Mich schools deserve stability
Rothwell: Michigan schools deserve stability
Doug Rothwell, president and CEO of Business Leaders for Michigan, called for state leaders to stay the course on higher standards and aligned assessments in a strongly worded letter published by The Detroit News on Tuesday, May 9. Below is an excerpt; the full article is available here.
Michigan needs to set rigorous educational standards and measure student achievement against them in a way that can be compared to their peers across the nation. After several years of public debate and legislative action around improving standards and assessments in Michigan, we finally reached that goal by adopting the Michigan Standards and M-STEP assessment in 2014.
Now, after spending millions of dollars to rewrite standards and tests, countless hours of training teachers and administrators on how to implement them and just one year’s experience using them, some want to start all over again with little evidence the change will produce better results.
We have a chance to remove uncertainty and support stronger K–12 outcomes by rejecting calls to change Michigan’s education standards for the second time in two years. Read More.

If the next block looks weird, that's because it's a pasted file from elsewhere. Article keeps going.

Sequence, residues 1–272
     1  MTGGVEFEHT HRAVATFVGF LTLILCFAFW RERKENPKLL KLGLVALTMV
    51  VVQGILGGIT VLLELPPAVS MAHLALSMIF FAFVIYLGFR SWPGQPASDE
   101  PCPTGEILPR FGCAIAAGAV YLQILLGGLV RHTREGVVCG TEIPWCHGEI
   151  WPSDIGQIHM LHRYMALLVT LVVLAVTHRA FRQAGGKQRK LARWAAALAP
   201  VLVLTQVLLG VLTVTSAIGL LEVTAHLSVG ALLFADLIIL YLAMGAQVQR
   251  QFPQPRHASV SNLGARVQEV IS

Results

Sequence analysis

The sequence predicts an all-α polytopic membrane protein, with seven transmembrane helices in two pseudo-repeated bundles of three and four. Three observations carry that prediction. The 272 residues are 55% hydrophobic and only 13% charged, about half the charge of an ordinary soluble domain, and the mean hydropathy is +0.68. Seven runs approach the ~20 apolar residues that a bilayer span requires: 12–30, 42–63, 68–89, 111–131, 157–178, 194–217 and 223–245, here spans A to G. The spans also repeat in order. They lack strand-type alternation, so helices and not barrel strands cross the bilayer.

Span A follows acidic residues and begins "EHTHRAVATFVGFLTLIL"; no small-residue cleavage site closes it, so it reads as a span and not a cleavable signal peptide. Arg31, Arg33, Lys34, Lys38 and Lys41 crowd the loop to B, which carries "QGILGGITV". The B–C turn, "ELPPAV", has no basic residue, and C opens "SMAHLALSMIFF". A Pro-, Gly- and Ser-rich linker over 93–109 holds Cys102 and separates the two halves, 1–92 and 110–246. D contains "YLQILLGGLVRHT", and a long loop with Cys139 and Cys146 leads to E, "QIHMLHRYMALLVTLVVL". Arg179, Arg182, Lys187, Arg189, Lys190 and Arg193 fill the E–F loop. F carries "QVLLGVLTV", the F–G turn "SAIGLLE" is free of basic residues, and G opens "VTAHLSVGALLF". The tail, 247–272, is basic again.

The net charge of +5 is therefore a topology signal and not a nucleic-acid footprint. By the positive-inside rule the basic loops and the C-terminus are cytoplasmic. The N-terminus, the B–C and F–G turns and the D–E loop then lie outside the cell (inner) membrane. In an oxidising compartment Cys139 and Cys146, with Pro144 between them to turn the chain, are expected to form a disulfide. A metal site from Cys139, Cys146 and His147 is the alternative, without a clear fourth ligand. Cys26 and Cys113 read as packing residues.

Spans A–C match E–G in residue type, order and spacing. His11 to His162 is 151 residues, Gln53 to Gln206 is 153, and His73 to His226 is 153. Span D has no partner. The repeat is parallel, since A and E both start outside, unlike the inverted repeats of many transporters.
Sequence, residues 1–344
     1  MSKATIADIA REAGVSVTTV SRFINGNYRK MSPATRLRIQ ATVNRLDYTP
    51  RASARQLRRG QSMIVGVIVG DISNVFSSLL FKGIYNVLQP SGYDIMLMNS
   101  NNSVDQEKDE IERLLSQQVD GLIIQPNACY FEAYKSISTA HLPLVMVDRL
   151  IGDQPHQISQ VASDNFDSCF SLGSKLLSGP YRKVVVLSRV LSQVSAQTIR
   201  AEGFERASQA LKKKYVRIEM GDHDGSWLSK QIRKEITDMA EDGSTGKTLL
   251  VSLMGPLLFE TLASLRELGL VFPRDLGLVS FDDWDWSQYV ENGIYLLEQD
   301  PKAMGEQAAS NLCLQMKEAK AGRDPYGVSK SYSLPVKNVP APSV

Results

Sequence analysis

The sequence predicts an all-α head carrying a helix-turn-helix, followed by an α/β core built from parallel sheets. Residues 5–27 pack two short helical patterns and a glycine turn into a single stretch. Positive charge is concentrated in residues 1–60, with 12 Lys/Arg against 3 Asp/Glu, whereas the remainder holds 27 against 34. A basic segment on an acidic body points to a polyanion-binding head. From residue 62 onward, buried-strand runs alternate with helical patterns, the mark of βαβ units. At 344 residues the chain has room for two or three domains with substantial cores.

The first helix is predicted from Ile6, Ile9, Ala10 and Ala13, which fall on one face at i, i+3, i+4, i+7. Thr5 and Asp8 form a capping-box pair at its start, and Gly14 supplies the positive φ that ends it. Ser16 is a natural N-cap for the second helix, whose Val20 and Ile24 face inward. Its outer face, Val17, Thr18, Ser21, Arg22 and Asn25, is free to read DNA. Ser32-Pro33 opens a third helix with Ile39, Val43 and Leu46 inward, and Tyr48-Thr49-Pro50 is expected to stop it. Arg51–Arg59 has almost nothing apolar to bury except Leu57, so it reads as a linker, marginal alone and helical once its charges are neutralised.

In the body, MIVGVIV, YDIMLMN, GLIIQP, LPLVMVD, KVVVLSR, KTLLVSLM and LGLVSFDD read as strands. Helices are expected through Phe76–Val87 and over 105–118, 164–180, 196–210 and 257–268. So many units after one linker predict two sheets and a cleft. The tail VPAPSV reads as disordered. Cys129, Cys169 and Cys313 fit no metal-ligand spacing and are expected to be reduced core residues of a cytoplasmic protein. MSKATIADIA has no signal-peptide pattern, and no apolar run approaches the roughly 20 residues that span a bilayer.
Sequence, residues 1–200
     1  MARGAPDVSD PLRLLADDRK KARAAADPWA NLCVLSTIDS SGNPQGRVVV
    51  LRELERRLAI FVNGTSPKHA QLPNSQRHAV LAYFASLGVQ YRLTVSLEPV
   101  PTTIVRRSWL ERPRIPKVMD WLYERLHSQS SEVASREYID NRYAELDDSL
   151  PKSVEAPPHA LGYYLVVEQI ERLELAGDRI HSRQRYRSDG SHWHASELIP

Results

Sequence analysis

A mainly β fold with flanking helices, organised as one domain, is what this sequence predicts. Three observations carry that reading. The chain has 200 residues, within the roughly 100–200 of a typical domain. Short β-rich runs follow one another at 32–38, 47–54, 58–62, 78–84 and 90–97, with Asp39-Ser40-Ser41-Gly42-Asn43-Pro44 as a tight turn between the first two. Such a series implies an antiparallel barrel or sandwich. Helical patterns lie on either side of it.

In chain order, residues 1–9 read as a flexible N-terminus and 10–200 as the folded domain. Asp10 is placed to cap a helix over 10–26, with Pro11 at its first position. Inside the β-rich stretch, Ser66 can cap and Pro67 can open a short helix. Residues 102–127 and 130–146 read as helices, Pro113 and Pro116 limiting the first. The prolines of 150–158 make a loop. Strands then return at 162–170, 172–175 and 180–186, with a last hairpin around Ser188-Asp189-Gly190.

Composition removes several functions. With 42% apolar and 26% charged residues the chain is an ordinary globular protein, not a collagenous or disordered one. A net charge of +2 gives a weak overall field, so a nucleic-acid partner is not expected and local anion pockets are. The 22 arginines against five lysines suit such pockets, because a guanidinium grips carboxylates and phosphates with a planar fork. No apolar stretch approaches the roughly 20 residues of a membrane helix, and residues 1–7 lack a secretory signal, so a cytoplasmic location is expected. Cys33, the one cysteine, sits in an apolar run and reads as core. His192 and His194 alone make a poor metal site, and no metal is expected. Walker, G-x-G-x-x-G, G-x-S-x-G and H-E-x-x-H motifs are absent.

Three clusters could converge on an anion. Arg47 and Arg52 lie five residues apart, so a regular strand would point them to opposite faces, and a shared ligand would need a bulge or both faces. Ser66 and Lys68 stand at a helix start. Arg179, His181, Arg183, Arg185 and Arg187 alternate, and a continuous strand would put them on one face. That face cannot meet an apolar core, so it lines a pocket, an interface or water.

Haycock: 47% of high school grads aren’t prepared for college
Despite widespread rhetoric around college and career-readiness for all students, just 8% of graduates from public high schools complete a full college- and career-preparatory course of study. Rates of college- and career-ready course-taking are consistently low across all student groups, according to The Education Trust’s new report, “Meandering Toward Graduation: Transcript Outcomes of High School Graduates.”
The vast majority of high school graduates expect to earn a postsecondary degree. But according to a recent survey from Achieve Inc., an education reform organization, 78% of college instructors report that public high schools aren’t doing a good enough job preparing graduates to meet the expectations of college coursework. As a result, approximately one in four students who enter college the fall after high school graduation enroll in remedial coursework during their first year of college — costing their families a stunning $1.5 billion annually, according to a new report from Education Reform Now, a think tank and advocacy organization.
The news is not much better from employers, 62% of whom say that public high schools aren’t doing enough to prepare their graduates to meet the expectations of the workplace.
Each spring, more than three million fresh graduates stream out of our schools, diplomas in hand and futures ahead. The America that our high schools need to prepare them for is not yesterday’s — but tomorrow’s. It’s time to ensure that all of our graduates leave with the skills and knowledge they need for college and career. Their futures — and America’s — are depending on it.
Today, the House Fiscal Agency, the Senate Fiscal Agency and the Treasury Department will hold a Consensus Revenue Estimating Conference, where they will announce revised estimates for the coming fiscal year, which begins in October.